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Biochemistry – A Very Short Introduction



My new book – Biochemistry – A Very Short Introduction is available for pre-order now!

A here’s a sneak preview…

From the simplest bacteria to humans, all living things are composed of cells of one type or another. Amazingly, no matter where on the evolutionary tree they perch, those organisms all have fundamentally the same chemistry. This chemistry must provide mechanisms that allow cells to interact with the external world, a means to power the cell, machinery to carry out all the varied processes, a structure within which everything runs, and of course some sort of governance. Cells, in many ways, are like communities, but controlled and governed through a web of interlocking chemical reactions. Biochemistry is the study of those reactions, the molecules that are created, manipulated, and destroyed as a result of them, and the massive macromolecules (such as DNA, cytoskeletons, proteins and carbohydrates) that form the chemical machinery and structures on which these biochemical reactions take place.

Or, put more succinctly by the great physicist Erwin Schrödinger,

In biology .. a single group of atoms .. produces orderly events marvellously tuned in with each other and the environment according to the most subtle laws.’

Biochemistry is then the endeavour to understand those subtle laws governing those finely tuned orderly events, it is the study of biological molecules and their interactions, and so aims to reveal the molecular basis of life.

Of course, life in all its glory is so much more than just single cells. Cells come together to form multi-cellular organisms which then require a means for individual cells to communicate and ‘trade’ with one another. The organisms, in turn, interact to form the complex webs that are our eco-systems. And all of those interactions are modulated and facilitated through biochemical means. For example, consider the rhodopsin molecules that respond to photons of light, and so act as the first stage of a predator spotting its next meal. Or the olfactory proteins that bind a few minuscule molecules, which trigger a cascade of biochemical reactions that result in prey being alerted to the predator’s presence. Or the antibodies that act as the first guards, recognising the foreign molecules of an invading parasite and triggering the army that is the immune response. All of these processes fall within the realm of biochemistry.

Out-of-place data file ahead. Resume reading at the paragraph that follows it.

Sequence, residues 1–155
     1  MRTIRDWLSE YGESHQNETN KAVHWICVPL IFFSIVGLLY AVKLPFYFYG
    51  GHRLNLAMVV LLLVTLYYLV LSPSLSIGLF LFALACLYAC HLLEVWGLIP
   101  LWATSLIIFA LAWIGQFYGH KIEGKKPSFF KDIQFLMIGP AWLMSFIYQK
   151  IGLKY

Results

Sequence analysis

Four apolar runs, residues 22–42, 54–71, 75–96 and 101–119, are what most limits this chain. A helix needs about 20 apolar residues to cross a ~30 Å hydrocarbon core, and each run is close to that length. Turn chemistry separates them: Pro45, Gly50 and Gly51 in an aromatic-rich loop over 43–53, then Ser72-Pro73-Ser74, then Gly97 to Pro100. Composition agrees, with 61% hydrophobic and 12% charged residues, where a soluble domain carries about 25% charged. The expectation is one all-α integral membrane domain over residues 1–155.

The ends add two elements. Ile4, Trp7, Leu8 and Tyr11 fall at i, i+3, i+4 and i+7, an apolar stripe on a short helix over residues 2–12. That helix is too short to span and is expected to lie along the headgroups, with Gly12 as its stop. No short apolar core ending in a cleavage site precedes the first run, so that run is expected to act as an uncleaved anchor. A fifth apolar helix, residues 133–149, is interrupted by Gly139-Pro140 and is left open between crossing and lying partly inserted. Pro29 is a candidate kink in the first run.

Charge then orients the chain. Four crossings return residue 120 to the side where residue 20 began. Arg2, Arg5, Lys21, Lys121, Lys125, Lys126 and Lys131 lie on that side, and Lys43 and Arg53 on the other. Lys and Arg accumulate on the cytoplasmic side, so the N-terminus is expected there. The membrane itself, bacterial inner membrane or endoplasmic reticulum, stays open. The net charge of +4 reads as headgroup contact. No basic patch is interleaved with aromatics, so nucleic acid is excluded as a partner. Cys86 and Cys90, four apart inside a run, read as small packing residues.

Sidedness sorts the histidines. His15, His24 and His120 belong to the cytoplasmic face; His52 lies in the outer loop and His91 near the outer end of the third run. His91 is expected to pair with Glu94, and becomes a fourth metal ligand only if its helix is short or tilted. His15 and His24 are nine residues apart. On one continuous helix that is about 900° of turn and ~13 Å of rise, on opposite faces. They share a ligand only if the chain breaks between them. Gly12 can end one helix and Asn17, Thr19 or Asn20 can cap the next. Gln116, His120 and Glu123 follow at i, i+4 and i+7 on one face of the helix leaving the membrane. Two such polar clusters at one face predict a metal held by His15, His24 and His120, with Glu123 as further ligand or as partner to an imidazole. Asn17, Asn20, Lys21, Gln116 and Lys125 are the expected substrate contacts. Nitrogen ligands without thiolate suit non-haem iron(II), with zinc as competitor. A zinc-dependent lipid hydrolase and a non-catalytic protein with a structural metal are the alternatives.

It didn’t take long for an understanding of the chemistry of life to turn into a desire to manipulate it. Drugs and therapies all aim to modify biochemical processes for good or ill: Penicillin, derived from a mould, stops bacteria making their cell walls. Aspirin, with its origins in willow bark, inhibits enzymes involved in inflammatory responses. A few nanograms of botulinum toxin (botox), can kill by preventing the release of neurotransmitters from the ends of nerves and so leads to paralysis and death. Alternatively, the same botulinum toxin administered in tiny quantities results in a wrinkle free forehead. This is all biochemistry.

Detailed description of these topics could easily have made it into this book, and some readers may feel I was remiss in neglecting them and other topics as fundamental as vitamins, hormones, chromosomes, and numerous biochemical techniques. But this is after all a very short introduction, and so I had to draw the line somewhere. As a result, for much of the book I’ve focussed on some of the chemistry that occurs within cells. For therein lie the fundamental chemical processes that all life shares.

Finally, the boundaries of biochemistry are ill defined; it overlaps with genetics, molecular biology, cell biology, biophysics and biotechnology. And so I finish with a pair of chapters which explore how fundamental discoveries in biochemistry are influencing these fields and society at large.

By April 19, 2021 0 comments Uncategorized